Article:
Author and scholar Laura Morelli holds a PhD in art history from Yale University, where she was a Bass Writing Fellow and Mellon Doctoral Fellow. She authored a column for National Geographic Traveler called “The Genuine Article” and contributes pieces about authentic travel to international publications. Laura Morelli is the author of the Made in… and the Laura Morelli’s Authentic Arts guidebook series. The Gondola Maker, an award-winning historical novel about the heir to a gondola boatyard in 16th-century Venice, is her first work of fiction. To learn more about Laura Morelli as well as the subject of authenticity in the arts, you can visit Laura Morelli’s web site and blog at

Many Italians visit their local silversmith when they become engaged to be married or when they want to have their grandparents’ silver restored, knowing their beloved heirlooms stand in good hands. International travelers, on the other hand, may not think of selecting a hand-wrought bronze doorknocker or a silver candelabrum as a souvenir from Italy. Makers of fine bronze, silver, copper, and gold objects go unjustly overlooked, when the truth is that Italian metalsmiths are some of the most accomplished in the world. These masters know how to raise a simple, everyday object like a doorknob, a spoon, or a teapot to a work of timeless beauty and quality. And the subject of Italian jewelry, a special subcategory of metalworking, is so rich that it deserves attention in a separate article altogether.


Metalsmiths have mined and worked bronze, silver, iron, and other metals on the Italian peninsula since ancient times. Over the course of the late Middle Ages and the Renaissance, metalworking became important to interior decoration, used to craft door locks and trims, drawer pulls, and window dressings. A visit to the Silver Museum (the Museo degli Argenti) at the Pitti Palace in Florence bears witness to the technical excellence of which Florentine metalsmiths were capable at that time. It is impossible to convey in words the intricacy, opulence, and technical mastery of metalworking represented by this fascinating private collection of the Medici family. The large holding of vases, implements, tableware, and ceremonial objects made of bronze, gold, silver, and semiprecious stones is staggering, a feast for the eyes.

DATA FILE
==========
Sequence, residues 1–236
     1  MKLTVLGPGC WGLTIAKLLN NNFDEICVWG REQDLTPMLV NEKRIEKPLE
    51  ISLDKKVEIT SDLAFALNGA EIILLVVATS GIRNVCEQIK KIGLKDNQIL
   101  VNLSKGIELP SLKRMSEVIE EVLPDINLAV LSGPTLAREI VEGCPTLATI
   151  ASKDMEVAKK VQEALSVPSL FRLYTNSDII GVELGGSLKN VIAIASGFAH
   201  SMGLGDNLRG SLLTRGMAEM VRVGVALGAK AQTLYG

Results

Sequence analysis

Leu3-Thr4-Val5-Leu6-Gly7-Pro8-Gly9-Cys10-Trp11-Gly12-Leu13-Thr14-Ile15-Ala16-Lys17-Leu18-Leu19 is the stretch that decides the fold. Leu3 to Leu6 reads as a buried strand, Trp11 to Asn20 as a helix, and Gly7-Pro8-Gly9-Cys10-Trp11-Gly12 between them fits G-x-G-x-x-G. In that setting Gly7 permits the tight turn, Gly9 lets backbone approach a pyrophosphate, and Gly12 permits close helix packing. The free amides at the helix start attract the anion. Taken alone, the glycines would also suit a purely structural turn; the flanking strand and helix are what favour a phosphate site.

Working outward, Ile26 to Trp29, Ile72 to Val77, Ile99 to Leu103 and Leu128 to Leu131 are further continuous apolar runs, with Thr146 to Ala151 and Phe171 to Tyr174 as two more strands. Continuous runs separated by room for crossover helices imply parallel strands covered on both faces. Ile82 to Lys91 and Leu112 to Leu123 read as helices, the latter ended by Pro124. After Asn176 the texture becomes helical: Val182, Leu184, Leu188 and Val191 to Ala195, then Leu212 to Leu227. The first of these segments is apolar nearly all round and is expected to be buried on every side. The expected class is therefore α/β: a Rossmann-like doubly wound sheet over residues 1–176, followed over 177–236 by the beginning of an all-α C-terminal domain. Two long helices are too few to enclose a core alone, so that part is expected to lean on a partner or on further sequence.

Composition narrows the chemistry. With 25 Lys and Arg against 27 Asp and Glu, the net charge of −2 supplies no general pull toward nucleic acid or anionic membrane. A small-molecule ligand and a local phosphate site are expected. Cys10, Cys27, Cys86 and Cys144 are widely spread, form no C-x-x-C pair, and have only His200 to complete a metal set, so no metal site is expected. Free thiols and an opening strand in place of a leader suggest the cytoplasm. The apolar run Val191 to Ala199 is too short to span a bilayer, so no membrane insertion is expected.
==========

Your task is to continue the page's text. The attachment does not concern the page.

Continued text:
Italian metalsmithing encompasses a wide variety of techniques and refinements. Hammered metal involves using various tools to shape an ingot—a block of metal—into the desired shape. In the technique of raising, a silversmith hammers a flat sheet of silver over an iron bar to create a hollow vessel. Beyond this basic method stands a long list of specialized techniques to add handles and spouts, decorate the piece with surface effects such as repoussé or chasing, or even gild the entire surface to give an impression of solid gold. 

Silver, bronze, and gold may also be cast using the lost-wax process, a technique that has remained essentially unchanged since ancient times.  The lost wax process requires extensive experience with wax, pottery, and metal. The metalsmith begins with crafting a wax model that is an exact representation of the final piece including any intricate details. A layer of clay is spread over the model. When fired, the wax melts, leaving a ceramic mold that becomes a vessel for molten metal. After the metal cools, the artisan breaks the mold, revealing the metal piece beneath. This basic technique might include many refinements. For example, to create a hollow bronze object requires creating two nested ceramic pieces with a small channel between for the wax. Complex or ornate objects like chandeliers may be composed of many pieces later fused together.  

Today Italy is home to many excellent metalsmithing workshops, often counting multiple generations of expertise as well as molds, patterns, tools, and prototypes passed down from parents to children. Most of these fine craftspeople are accustomed to working on commission and can design something one-of-a-kind for you, whether door handles, frames, clocks, candlesticks, and tableware. The intrinsic value of the natural materials paired with the skills involved in working them makes these masterpieces of metal among the most special of Italian craftsmanship. 

© Laura Morelli

For further reading, visit